Senator Frank O’Connor was a successful businessman, astute politician and generous philanthropist.
Here is the story of a great Canadian.
Francis Patrick O’Connor was born on April 9th, 1885 in Desoronto, Hastings County in Eastern Ontario to Mary Eleanor McKeown and Patrick O’Connor originally of County Cork in Ireland.
At the age of 14 he worked at Canadian General Electric in Peterborough. He married Mary Ellen Hayes of Brockville, in Leeds and Grenville County and lived in Kingston.
Together they created a retail concept of ‘dainty simplicity, small candy shops, inexpensive fixtures, no ribbon or fancy fixings on the boxes, no commercial advertising shops sought and frequented by folks of every walk of life.’ The first Laura Secord candy shop opened in 1912 at 354 Yonge Street Toronto and spread through Canada and then to the U.S. under the Fanny Farmer brand.
The company was listed on the Toronto Stock Exchange. Employee profit sharing was introduced in 1923. He was a shareholder in Toronto Maple Leafs founded by Conn Smythe.
In 1933, he built O’Connor House on the three square kilometre farm, north of Lawrence Ave East between the Don Valley East and Pharmacy Ave, presently the neighbourhoods of Parkwoods, Donalda, North York and Wexford Maryvale, Scarborough, City of Toronto. The farm had a herd of Ayrshire cattle and stable of Clydesdale and thoroughbred horses, the prime of which were shown each year at the Royal Agricultural Winter Fair in Toronto.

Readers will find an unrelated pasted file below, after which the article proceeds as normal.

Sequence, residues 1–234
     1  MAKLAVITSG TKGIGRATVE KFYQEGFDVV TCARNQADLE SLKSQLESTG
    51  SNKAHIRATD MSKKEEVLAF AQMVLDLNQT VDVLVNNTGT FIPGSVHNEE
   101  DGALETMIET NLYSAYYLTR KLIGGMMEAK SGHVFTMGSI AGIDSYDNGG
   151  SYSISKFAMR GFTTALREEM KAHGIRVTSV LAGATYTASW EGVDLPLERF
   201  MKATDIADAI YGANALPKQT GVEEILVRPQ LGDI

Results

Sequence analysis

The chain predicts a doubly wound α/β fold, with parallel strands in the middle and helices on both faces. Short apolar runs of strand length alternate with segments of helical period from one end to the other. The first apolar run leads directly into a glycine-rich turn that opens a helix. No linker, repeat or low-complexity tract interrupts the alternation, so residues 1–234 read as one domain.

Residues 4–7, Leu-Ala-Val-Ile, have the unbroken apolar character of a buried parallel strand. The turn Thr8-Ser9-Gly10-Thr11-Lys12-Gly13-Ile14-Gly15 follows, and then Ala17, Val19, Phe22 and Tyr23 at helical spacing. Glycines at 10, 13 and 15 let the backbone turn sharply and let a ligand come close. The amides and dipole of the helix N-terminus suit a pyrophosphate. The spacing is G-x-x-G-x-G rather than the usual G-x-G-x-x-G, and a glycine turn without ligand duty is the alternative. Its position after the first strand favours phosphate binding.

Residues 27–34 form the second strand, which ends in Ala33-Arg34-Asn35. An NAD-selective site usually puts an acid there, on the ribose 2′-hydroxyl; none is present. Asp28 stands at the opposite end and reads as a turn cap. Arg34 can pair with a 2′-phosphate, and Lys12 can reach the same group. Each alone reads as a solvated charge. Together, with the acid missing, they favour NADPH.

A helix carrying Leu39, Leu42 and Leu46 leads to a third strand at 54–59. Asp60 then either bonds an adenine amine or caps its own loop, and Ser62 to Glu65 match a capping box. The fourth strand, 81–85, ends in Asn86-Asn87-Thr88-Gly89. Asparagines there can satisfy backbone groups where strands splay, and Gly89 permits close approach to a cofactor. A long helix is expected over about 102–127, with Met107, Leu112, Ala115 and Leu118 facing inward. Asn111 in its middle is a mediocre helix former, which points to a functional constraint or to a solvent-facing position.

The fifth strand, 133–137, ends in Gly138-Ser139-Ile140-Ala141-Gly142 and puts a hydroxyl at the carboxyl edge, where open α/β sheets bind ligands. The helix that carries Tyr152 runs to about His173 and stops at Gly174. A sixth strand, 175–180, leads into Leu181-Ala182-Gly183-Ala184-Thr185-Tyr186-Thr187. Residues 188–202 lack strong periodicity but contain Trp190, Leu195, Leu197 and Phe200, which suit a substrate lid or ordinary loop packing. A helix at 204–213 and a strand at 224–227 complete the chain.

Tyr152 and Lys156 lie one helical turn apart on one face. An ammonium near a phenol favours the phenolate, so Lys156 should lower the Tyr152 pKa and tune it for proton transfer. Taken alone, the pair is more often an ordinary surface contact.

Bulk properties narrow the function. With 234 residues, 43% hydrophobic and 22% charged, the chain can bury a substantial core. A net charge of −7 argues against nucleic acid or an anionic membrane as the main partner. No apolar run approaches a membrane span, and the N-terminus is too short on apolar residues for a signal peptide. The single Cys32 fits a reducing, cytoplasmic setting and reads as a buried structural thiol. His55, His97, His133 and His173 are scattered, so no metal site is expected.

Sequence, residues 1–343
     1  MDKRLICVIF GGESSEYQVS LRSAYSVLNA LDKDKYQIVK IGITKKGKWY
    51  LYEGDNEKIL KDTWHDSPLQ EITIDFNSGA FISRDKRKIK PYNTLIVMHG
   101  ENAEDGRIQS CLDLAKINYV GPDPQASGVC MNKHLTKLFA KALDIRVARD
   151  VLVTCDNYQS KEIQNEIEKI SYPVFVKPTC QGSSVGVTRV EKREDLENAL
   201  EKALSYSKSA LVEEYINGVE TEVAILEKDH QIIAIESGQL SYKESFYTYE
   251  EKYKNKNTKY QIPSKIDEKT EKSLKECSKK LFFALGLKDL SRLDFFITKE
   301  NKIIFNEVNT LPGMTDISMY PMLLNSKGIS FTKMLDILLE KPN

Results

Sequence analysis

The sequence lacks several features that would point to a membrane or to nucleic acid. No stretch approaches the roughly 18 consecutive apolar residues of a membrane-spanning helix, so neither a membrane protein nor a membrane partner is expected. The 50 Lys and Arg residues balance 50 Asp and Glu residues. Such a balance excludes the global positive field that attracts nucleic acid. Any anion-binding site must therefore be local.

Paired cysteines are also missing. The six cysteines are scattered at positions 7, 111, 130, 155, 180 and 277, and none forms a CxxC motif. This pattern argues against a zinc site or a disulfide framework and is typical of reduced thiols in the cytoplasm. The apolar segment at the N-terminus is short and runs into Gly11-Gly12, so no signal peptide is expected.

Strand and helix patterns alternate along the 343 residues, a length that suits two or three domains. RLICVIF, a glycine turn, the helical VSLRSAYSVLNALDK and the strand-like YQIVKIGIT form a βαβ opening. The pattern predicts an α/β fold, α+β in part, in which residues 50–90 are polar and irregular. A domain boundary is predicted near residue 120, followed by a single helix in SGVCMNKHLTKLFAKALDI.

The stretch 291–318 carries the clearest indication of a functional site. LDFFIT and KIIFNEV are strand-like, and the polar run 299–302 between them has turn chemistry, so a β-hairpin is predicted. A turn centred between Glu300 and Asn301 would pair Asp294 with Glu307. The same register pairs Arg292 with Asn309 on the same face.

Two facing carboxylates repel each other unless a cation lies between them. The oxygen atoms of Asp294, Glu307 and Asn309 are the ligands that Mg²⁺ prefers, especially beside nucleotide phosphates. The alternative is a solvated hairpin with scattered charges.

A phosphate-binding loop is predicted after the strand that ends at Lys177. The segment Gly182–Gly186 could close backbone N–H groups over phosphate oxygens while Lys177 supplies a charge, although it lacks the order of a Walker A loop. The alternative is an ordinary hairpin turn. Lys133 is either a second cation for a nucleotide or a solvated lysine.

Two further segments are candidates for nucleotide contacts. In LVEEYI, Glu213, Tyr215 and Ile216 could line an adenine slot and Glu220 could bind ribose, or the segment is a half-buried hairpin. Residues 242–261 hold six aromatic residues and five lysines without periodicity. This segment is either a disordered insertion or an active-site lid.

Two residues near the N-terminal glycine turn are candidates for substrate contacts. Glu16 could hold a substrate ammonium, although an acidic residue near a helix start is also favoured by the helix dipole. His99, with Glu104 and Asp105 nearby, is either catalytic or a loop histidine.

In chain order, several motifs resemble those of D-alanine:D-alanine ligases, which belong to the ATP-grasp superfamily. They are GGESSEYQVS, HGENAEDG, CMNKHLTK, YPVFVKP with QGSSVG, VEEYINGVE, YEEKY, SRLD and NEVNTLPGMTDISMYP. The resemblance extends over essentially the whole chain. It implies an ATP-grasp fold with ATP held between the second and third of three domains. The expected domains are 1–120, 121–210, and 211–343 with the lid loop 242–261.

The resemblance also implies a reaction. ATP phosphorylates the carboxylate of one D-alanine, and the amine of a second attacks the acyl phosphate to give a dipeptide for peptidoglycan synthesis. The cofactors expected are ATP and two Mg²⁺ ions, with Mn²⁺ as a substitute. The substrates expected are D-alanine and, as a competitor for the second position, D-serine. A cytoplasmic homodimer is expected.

The O’Connor House was the ‘acme of hospitality’, for the Liberal party as he played an active role in the 1934 Ontario election of Premier Mitchell Hepburn and the 1935 federal election of Prime Minister Mackenzie King. He was appointed to the Senate in 1935 on the death of The Hon Charles Murphy, another first generation Irish Canadian who was the voice of Irish Catholic Canada in Parliament for 27 years.
Frank O’Connor took great satisfaction in using his means for charitable educational and religious purposes to improve the condition of the poor, sick and afflicted of society. His charitable work embraced all denominations, all races and all forms of human suffering.
In 1929, he endowed the Institute for Medieval Studies at University of Toronto. In 1935 he created an elaborate fund that retired the accumulated debt of the Archdiocese of Toronto and benefited Sick Children’s Hospital, the Toronto Star Fresh Air Fund, Christie St. Military Hospital, Canadian Institute for the Blind, and St. Joseph’s Hospital.
On his death on August 21st 1939 at age 54, he bequeathed O’Connor House and the farm that was later sold off to the De La Salle and Daughters of Wisdom religious communities. In 1963, Senator O’Connor College School was founded.
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